What happened to getting together with family and friends for a little fun, food and cheer sans hassle?  Or did that never happen?  Has the craziness of the holidays always been around us?  Is it just my wish that people stop it, take a deep breath, scale back on the buying of a gazillion presents and make life simple during the holidays?

My goal this year is to abide by the KISS rule:  Keep It Simple Stupid.  Not that I’m stupid but seems to me I’d be stupid if I made myself crazy again, like I normally do, for that one day of the year where getting together with family should be something to look forward to and not something that in the end sucked the life out of me.

My wish for all of you out there is KISS.  Have a safe and happy holiday season.  Slow down, breathe and enjoy.

Sunday, November 27, 2016

Goals, Goals, Goals Are Driving Me Crazy

Why Can’t I Follow Through With My Goals?

I want to start my goal setting, again, before New Year’s Day.  I try to do this every year and it doesn’t work.  Then I say I’ll start my new goals New Year’s Day and then that doesn’t happen.  As you can see I haven’t posted in quite some time, a long time.  All because I can’t seem to follow through on my goals – again.   And there seems to be many different reasons (excuses?) why.
  1. Tomorrow’s another day. 
  2.  I’ve had to do things my entire life, now that I’m retired I don’t have to so I’m not going to
  3.  I’d rather be doing something else
  4.  I’m afraid I might fail
  5.  Writing seems like so much work.  I think I’m going to clean the house right now
  6.   I’m retired.  Why am I forcing myself to do things?
  7.   I’m afraid I might fail

These are just a few of the reasons I procrastinate and I’ve gotten better at procrastinating than at *doing*.  This year I’m going to try to figure out how to get out of this rut which contributes to my complaining every year around this time.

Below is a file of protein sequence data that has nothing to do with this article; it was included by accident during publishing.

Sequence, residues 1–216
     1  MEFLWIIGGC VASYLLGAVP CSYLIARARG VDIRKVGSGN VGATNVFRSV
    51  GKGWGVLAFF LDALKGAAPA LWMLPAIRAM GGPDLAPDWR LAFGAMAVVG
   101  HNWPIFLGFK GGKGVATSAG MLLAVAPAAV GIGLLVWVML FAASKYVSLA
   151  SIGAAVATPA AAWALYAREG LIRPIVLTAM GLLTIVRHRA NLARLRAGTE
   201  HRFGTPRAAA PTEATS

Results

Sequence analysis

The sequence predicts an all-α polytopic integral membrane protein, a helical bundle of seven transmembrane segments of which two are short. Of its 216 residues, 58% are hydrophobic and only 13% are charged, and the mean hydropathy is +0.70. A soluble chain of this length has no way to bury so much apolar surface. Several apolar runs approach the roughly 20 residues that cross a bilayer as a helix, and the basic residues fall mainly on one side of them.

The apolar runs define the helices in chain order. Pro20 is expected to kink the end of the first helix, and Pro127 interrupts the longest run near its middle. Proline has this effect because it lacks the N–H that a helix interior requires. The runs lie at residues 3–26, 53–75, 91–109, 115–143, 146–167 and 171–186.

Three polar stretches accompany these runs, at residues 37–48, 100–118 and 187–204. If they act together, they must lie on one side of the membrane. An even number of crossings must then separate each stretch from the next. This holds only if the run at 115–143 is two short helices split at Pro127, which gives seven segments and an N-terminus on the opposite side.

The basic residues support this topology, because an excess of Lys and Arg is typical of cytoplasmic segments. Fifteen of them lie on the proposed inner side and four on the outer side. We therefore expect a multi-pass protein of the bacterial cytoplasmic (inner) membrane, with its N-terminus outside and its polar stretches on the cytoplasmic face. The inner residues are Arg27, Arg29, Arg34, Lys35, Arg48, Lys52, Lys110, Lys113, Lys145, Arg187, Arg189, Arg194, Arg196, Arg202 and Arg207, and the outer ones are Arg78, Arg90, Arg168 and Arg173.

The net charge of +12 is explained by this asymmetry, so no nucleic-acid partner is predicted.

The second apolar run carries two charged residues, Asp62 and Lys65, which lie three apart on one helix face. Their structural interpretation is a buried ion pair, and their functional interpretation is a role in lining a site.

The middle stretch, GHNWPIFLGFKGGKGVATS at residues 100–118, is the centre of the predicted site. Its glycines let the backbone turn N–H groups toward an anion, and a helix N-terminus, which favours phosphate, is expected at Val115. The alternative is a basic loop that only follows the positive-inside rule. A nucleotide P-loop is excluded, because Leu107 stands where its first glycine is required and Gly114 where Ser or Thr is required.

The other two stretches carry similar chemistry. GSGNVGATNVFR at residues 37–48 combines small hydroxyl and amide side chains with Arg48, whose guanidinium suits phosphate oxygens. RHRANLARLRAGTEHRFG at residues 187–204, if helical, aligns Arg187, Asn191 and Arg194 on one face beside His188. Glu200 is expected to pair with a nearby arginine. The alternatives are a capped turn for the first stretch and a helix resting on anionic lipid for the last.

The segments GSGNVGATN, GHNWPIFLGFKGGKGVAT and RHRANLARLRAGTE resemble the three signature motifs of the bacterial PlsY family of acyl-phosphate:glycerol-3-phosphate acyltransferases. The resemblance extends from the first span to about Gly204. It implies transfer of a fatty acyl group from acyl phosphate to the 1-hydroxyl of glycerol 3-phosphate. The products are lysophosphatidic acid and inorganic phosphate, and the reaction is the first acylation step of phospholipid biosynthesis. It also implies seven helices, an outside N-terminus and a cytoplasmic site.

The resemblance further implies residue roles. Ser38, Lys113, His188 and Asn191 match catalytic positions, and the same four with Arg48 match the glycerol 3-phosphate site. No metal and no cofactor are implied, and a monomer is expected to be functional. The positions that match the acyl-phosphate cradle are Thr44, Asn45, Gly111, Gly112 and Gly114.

Anyone out there feel like this?  Anyone have ideas on how to get past the putting off doing today until tomorrow or never?
So tired of making excuses,

Tuesday, November 24, 2015

Best Movies of 2015 For Older Adults

These are picks from AARP. Check them out!
Best Movie for Grownups Our Age - Any Age

The Theory of Everything
The true story of astrophysicist Stephen Hawking (Eddie Redmayne) and his first wife, Jane (Felicity Jones), starts out as a tale of young love. But as Stephen falls ill, the film supernovas into matters both painfully personal and mind-blowingly cosmic.

Best Director
Richard Linklater, Boyhood
Richard Linklater admits it was “insane” to start a movie about a 6-year-old and continue filming it with the same actor (Ellar Coltrane) through age 18. Maybe, but it's fun watching the boy get older while his parents enact growing up too.

Best Actor
Steve Carell, Foxcatcher
In Foxcatcher, the Steve Carell (left) we’ve known for his hilarious turns becomes the dead-eyed John E. du Pont, a wannabe wrestling coach whose delusions, combined with his vast wealth, spelled disaster for all around him.

Best Actress
Julianne Moore, Still Alice
As a 50-year-old professor enduring early-onset Alzheimer’s, Julianne Moore conveys the experience of losing her identity. Never settling for cheap sentiment, Moore allows Alice to rage against the dying of the light.

Best Supporting Actor
J. K. Simmons, Whiplash
This journeyman actor, best known for countless TV commercials, springs upon film audiences with a fierce, disorienting turn as an über-demanding music teacher whose insistence on perfection is merely a bellows to stoke his brutal nature.

Best Supporting Actress
Rene Russo, Nightcrawler
On the surface, Jake Gyllenhaal is the crazy one as the lensman who loves filming grisly accident scenes. But Rene Russo is even scarier as the TV news producer who enables him because she never questions how he gets that gory footage.

Best Screenwriter
Nick Hornby and Cheryl Strayed, Wild
Cheryl Strayed provided the tale of her 1,100-mile solo hike; Nick Hornby shaped her fiercely personal memoir into a wilderness adventure with Reese Witherspoon portraying the angst-ridden heroine.

Best Comedy
Jon Favreau plays a master chef who reinvents himself as a food-truck sensation. The writer-director-star surrounds himself with colorful characters who share his passion for authentic cuisine. Do not watch on an empty stomach.

Breakthrough Achievement
Israel Horovitz, Director, My Old Lady
After writing a handful of acclaimed screenplays Israel Horovitz directs his first film, at age 75. A less-confident rookie might have balked at taking on Maggie Smith and Kevin Kline, but Horovitz elicits strong performances from both.

Best Time Capsule
Big Eyes
The saucer-eyed waifs who populated the paintings of Margaret Keane helped define early- 1960s American culture; no wonder Tim Burton’s version of her story is up to its peepers in period atmosphere with wide ties and capri pants.